- 3 • Torque Control (Vector 273) • [Torque Control] • essay by Shana Worthen
- 4 • The Descendants of d’Artagnan: Alexandre Dumas and SFF • essay by Kari Sperring
- 7 • Diana Wynne Jones and the Oxfordshire Countryside in Power of Three • essay by Julia Cresswell
- 12 • Dialogue and Doomsday: Comedy and Conviction in Connie Willis and Oscar Wilde • essay by Gillian Polack
- 17 • The Volunteer, or Editing Vector and Beyond … • essay by David Wingrove
- 21 • Inside the V&A: Memory Palace • essay by Tom Hunter
- 22 • Gadget City by I O Evans • [Foundation Favourites] • essay by Andy Sawyer
- 24 • Meet the President! • [Kincaid in Short] • essay by Paul Kincaid
- 27 • Drilling for Oil in the North Sea • [Resonances] • essay by Stephen Baxter
- 31 • The BSFA Review (Vector 273) • [The BSFA Review] • essay by Martin Lewis
- 31 • Review of the graphic novel Savage: The Guv’nor by Pat Mills and Patrick Goddard • essay by Jonathan McCalmont
- 32 • Review: Stone Spring by Stephen Baxter • review by Niall Harrison
- 32 • Review: Bronze Summer by Stephen Baxter • review by Niall Harrison
- 32 • Review: Iron Winter by Stephen Baxter • review by Niall Harrison
- 34 • Review: Adam Robots by Adam Roberts • review by Dan Hartland
- 35 • Review: Jack Glass by Adam Roberts • review by Dave M. Roberts
- 35 • Review: The Soddit by Adam Roberts • review by David Hebblethwaite
- 36 • Review: Among Others by Jo Walton • review by Shaun Green
- 37 • Review: Wolfhound Century by Peter Higgins • review by Duncan Lawie
- 38 • Review: Communion Town by Sam Thompson • review by Mark Connorton
- 39 • Review: The Peacock Cloak by Chris Beckett • review by Martin McGrath
- 39 • Review: Solaris Rising 2: The New Solaris Book of Science Fiction by Ian Whates • review by Andy Sawyer
- 40 • Review: Existence by David Brin • review by Martin McGrath
- 41 • Review: 2312 by Kim Stanley Robinson • review by Gary S. Dalkin [as by Gary Dalkin]
- 41 • Review: Redshirts by John Scalzi • review by Liz Bourke
- 42 • Review: Nexus by Ramez Naam • review by Paul Graham Raven
- 43 • Review: The Curve of the Earth by Simon Morden • review by Stuart Carter
- 43 • Review: The Water Sign by C. S. Samulski • review by Karen Burnham
- 44 • Review: Dangerous Waters by Juliet E. McKenna • review by Patrick Mahon
- 44 • Review: Darkening Skies by Juliet E. McKenna • review by Patrick Mahon
- 45 • Review: The Legend of Eli Monpress by Rachel Aaron • review by A. P. Canavan
- 46 • Review: The Iron Wyrm Affair by Lilith Saintcrow • review by Graham Andrews
- 46 • Review: Hell Train by Christopher Fowler • review by Lalith Vipulananthan
- 47 • Review: Whispers Under Ground by Ben Aaronovitch • review by Anne F. Wilson
- 47 • Review: A Discovery of Witches by Deborah Harkness • review by Cherith Baldry
- 48 • Review: Railsea by China Miéville? • review by Liz Bourke
- 49 • Review: Dark Peak: The First Elemental by J. G. Parker • review by Sue Thomason
- 49 • Review: Sea Change by S. M. Wheeler • review by Mark Connorton
- 50 • Review: Zenn Scarlett by Christian Schoon • review by Alan Fraser
- 50 • Review: The Mad Scientist’s Daughter by Cassandra Rose Clarke • review by Anne F. Wilson
- 51 • Review: Boneshaker by Cherie Priest • review by Alan Fraser
- 51 • Review: Apollo’s Outcasts by Allen Steele • review by Ian Sales
Tag: connie willis
Top Ten Writers
As was noted back at the start of the week, and by a good number of people casting their votes in the poll, the popularity of series in the sf field can make it hard to single out individual books. Moreover, many writers are prolific — if someone’s written one outstanding novel in a decade, they may have an advantage, in this sort of poll, over someone who’s written three. So here’s another way of looking at the data, counting up the top ten writers who were nominated for multiple books, ordered by total nominations received.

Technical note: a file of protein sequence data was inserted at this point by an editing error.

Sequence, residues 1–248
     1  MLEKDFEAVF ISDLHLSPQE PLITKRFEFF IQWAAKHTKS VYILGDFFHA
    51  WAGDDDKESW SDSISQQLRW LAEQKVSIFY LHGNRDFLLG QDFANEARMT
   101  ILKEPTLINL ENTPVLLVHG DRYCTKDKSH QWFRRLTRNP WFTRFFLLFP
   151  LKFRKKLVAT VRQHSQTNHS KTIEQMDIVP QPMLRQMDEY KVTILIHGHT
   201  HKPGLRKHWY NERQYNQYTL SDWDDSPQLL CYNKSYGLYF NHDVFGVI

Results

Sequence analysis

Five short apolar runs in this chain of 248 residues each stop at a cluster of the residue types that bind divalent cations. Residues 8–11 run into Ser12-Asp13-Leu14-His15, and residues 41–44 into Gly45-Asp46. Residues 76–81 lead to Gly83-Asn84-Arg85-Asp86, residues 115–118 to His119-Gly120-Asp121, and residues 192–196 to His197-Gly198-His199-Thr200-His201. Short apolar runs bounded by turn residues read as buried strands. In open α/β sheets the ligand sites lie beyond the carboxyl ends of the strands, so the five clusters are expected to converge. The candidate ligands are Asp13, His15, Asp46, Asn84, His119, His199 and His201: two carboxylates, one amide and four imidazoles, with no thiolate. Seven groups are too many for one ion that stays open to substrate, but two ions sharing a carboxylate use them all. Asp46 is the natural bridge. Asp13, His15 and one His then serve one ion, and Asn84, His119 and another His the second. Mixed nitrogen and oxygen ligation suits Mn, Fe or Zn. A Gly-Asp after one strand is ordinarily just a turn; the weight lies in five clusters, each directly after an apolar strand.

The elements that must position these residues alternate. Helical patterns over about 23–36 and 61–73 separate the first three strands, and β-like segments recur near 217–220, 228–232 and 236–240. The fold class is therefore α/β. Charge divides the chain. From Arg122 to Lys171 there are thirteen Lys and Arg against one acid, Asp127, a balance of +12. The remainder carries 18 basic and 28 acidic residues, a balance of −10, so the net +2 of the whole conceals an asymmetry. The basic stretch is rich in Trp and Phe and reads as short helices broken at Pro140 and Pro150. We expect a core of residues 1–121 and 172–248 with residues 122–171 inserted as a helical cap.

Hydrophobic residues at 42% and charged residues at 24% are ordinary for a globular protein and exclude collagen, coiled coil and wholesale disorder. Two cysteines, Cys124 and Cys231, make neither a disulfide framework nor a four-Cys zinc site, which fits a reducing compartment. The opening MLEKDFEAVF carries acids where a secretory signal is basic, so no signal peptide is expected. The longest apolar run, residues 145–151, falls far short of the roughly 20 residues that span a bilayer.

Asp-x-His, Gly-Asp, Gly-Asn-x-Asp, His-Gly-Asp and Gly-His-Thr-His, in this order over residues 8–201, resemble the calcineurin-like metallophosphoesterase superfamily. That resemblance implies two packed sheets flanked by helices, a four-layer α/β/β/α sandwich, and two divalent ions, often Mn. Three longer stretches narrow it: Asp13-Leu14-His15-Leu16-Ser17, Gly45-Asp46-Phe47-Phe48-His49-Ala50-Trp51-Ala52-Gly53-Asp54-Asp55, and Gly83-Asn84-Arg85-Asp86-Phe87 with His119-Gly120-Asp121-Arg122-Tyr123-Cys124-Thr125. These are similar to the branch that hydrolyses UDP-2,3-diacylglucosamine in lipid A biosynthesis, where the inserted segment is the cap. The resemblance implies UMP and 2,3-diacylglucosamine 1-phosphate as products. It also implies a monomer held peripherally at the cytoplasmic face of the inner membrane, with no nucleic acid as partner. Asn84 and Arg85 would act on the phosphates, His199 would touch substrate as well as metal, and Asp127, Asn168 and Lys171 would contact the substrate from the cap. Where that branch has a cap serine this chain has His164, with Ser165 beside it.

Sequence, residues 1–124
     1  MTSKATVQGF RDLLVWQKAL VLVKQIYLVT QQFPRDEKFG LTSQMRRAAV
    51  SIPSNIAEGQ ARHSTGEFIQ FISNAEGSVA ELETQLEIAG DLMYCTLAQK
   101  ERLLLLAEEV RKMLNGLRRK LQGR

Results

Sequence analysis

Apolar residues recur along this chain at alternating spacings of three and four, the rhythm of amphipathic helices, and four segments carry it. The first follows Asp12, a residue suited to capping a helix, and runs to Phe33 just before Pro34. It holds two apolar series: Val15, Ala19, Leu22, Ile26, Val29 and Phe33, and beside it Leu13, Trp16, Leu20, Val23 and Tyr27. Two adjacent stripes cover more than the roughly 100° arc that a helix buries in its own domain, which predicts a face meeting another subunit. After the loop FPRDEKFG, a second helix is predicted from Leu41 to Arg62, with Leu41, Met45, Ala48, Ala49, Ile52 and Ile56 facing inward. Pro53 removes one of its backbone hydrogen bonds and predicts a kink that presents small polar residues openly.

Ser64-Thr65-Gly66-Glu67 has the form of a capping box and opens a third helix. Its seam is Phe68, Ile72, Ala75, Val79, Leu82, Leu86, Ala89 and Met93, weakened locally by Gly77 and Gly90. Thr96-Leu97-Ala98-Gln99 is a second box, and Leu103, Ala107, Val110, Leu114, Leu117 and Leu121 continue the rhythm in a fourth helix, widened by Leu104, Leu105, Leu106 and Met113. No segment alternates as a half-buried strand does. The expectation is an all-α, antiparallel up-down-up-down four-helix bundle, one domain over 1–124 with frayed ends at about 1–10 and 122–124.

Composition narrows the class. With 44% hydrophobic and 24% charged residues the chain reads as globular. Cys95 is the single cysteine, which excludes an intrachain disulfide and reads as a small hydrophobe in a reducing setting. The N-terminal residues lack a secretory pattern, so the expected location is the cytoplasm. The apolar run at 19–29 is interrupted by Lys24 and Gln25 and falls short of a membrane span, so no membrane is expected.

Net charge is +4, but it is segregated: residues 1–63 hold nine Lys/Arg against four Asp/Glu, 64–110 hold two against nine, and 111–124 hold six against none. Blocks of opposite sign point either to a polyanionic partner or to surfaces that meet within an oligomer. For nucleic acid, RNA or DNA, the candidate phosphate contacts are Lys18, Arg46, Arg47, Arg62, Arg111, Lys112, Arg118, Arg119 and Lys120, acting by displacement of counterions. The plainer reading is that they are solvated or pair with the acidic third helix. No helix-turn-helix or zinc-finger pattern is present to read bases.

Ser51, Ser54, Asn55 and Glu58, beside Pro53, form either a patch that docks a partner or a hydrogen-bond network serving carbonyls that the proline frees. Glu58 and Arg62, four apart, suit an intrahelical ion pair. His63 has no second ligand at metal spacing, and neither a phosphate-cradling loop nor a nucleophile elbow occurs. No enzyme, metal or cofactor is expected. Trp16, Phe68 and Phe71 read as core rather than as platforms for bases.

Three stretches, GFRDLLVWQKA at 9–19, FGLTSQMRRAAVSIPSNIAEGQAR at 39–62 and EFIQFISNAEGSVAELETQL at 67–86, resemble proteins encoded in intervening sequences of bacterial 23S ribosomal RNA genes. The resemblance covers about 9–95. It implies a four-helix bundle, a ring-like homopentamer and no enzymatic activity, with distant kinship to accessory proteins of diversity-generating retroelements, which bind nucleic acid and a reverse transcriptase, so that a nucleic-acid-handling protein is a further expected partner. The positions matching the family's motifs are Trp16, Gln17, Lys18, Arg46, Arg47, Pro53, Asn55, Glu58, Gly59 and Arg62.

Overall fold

1. Gwyneth Jones
Not a surprise, given her three appearances this week. But two other books were also nominated: Castles Made of Sand, the follow-up to Bold as Love, and Siberia, one of Jones’ YA novels (published as by Ann Halam).
2. Justina Robson
Natural History did well, of course, but plenty of people also nominated Living Next-Door to the God of Love, Mappa Mundi and Keeping it Real.
3. Tricia Sullivan
As noted in this morning’s post, in addition to Maul, nominations were sent in for every other novel she’s published this decade — Double Vision, Sound Mind, and Lightborn.
4. Elizabeth Bear
The first writer to appear on this list who hasn’t appeared in the main top ten, Bear received nominations for Hammered (often as a proxy for the whole Jenny Casey trilogy), standalones Carnival and Undertow, for Dust, and for By the Mountain Bound.
5. Elizabeth Moon
In addition to Speed of Dark, Moon picked up nominations for Trading in Danger and Moving Target.
6. Jo Walton
Farthing‘s placement low in the top ten certainly doesn’t reflect the strength of support Walton received, with many nominations for the second Small Change novel, Ha’Penny, and for Lifelode.
7. Liz Williams
Like Bear, Williams hasn’t made it into the main top ten; but she achieves the distinction of having more novels nominated than any other writer, six in total:Ghost Sister, The Poison Master, Empire of Bones, Nine Layers of Sky, Banner of Souls, and Darkland.
8. Karen Traviss
In addition to the nominations for City of Pearl, Traviss picked up a few nods for her tie-in work — Gears of War novel Aspho Fields, and Star Wars novels Hard Contact, 501st, and Order 66.
9. Ursula K Le Guin
Lavinia accounted for the bulk of Le Guin’s nominations, but a few enthused about the Western Shore novels, in particular Gifts and Voices.
10. Connie Willis
And finally, Willis picked up nominations for both Blackout/All Clear, and for Passage — both not that far off the top ten.
Ranking calculated from 101 responses to a poll run during October, November and December 2010.
The 2010 Contenders
No books published in 2010 received enough nominations in the poll to make it into the overall top ten. This is probably not a surprise; the books haven’t been out for very long, so fewer people have read them. And some 2010 books received enough support to suggest that, were this poll to be run again in a couple of years, they might have matured into strong contenders. I thought it would be worth breaking those books out into a separate post, since their poll ranking is probably not reflective of the strength of feeling about them — and because they may be awards contenders next year. And so here they are: